Some people have asked what my normal day looks like. 

Get up when I wake up, anywhere between 5 – 6:30 a.m.   Make the bed.  (Rick’s already been up for a couple of hours, reading in the living room.  Coffee is ready when I appear, bleary eyed.)


Read the One Year Bible.


Read devotionals.  Rick and I read devotionals to one another – four in all, every one very interesting. We search for different ones each year.  After reading, we pray together. 


Breakfast — not granola and yogurt, but eggs.  Steamed eggs, scrambled eggs, fried eggs, or eggs in pancakes, but always two or three eggs and toast or sweet roll or muffin or something else equally unhealthy and delicious. 


Take a 10-20 minute walk on the elliptical, ride 2-5 miles on the recumbent bike while watching a game show. 


Shower and get ready for work. 


Do a little housework.  Go to work downstairs. 


Answer email.  Work.


Take a break with Sarge.  Throw the ball, fetch the ball, throw the ball, find the ball.  It’s a game we both play.  I come inside with spider webs and leaves in my hair.  He comes in panting a grin.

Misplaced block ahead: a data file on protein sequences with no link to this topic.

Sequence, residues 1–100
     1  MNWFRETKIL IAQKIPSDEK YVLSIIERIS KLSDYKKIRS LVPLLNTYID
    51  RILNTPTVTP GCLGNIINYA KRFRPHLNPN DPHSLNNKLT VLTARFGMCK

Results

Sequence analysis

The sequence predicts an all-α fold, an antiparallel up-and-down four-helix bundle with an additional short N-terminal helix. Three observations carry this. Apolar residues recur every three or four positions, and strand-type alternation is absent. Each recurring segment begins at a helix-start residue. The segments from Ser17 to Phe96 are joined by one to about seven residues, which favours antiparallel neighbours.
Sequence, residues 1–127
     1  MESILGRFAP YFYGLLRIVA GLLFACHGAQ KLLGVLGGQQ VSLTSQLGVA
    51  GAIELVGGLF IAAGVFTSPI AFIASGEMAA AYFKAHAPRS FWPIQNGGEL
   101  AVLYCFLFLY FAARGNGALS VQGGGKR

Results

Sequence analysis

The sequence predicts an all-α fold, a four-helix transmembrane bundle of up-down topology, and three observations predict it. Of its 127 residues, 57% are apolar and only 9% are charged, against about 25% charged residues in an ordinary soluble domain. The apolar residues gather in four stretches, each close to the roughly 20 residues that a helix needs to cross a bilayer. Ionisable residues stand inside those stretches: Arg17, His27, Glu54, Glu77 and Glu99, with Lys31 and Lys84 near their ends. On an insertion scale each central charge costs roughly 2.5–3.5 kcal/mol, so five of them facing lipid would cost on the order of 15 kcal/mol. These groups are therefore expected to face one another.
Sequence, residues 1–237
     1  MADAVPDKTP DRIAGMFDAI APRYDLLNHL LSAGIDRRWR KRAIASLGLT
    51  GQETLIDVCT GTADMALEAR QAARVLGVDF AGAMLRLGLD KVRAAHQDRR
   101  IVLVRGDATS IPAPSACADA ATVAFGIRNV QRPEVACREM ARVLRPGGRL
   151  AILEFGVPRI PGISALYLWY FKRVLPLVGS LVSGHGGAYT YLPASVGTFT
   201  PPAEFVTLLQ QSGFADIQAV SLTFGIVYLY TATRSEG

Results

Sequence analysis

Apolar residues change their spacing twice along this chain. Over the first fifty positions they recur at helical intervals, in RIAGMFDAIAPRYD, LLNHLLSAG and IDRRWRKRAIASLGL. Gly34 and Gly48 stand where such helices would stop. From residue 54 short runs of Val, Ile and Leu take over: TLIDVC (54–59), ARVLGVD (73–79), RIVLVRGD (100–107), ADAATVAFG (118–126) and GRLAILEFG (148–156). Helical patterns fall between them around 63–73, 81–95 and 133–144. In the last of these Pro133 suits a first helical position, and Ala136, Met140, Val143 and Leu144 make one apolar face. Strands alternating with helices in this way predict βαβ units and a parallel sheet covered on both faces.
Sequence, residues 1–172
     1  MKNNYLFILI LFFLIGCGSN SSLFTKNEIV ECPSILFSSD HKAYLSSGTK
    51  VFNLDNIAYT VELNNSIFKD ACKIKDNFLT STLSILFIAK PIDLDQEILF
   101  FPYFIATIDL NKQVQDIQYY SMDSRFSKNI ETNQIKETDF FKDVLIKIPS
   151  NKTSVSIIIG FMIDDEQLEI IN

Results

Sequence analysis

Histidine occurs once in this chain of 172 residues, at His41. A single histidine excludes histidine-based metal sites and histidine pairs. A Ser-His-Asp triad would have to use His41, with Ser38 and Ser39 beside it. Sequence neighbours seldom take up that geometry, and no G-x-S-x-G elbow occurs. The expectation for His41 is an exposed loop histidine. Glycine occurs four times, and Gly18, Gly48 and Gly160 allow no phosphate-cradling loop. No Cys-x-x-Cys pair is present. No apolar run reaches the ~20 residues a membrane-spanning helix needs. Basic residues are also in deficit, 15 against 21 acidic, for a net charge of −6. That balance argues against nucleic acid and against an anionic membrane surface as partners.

Lunch with Rick unless he’s already had lunch or is playing golf.  Sometimes he serves me lunch in the office. 


Back to work.  Sometimes I run errands.  To Walmart.  Or Costco.  Costco is dangerous.  Too many temptations.  I can never get past the book table.


Dinner and the television news.  Sometimes I cook.  Sometimes we eat a bowl of cereal – I kid you not! 


Evenings are quiet.  Rick and I are usually downstairs together, watching television or reading, writing letters, paying bills, making plans, looking forward to doing something else on our bucket list.


Sometimes I get up in the middle of the night because an idea pops into my head and I don’t want to forget it.  And then I end up working a little more.  Or shoveling papers around.  Or answering email.  Or filing something that should have already been filed.  Or paying bills, writing notes or whatever other things have been left undone (except vacuuming). 


When I was young, I thought the life of a writer would be exciting. I imagined myself in a one room flat overlooking Golden Gate Park and living off sourdough French bread and water – all for the sake of art.  This is my reality:  It seems to be the reality of many writers I know – a routine, lots of work and a lot of that work going on inside my head where no one sees – keeping God first and finding balance between work and family. 


Years ago, one of my children overheard a discussion between me and Rick about money troubles.  My little boy came to me in all seriousness and said, “Mommy, why don’t you get a job?” 


Ah, well, what could I say to that except: “I have one.” 


And I rejoice in it.